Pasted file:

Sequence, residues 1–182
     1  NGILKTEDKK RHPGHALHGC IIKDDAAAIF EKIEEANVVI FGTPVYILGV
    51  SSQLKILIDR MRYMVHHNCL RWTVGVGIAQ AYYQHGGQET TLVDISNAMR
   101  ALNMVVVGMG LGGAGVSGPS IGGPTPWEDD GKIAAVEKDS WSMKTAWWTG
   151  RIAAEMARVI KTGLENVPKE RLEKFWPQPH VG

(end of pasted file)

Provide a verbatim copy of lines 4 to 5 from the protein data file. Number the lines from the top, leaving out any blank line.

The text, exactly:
   101  ALNMVVVGMG LGGAGVSGPS IGGPTPWEDD GKIAAVEKDS WSMKTAWWTG
   151  RIAAEMARVI KTGLENVPKE RLEKFWPQPH VG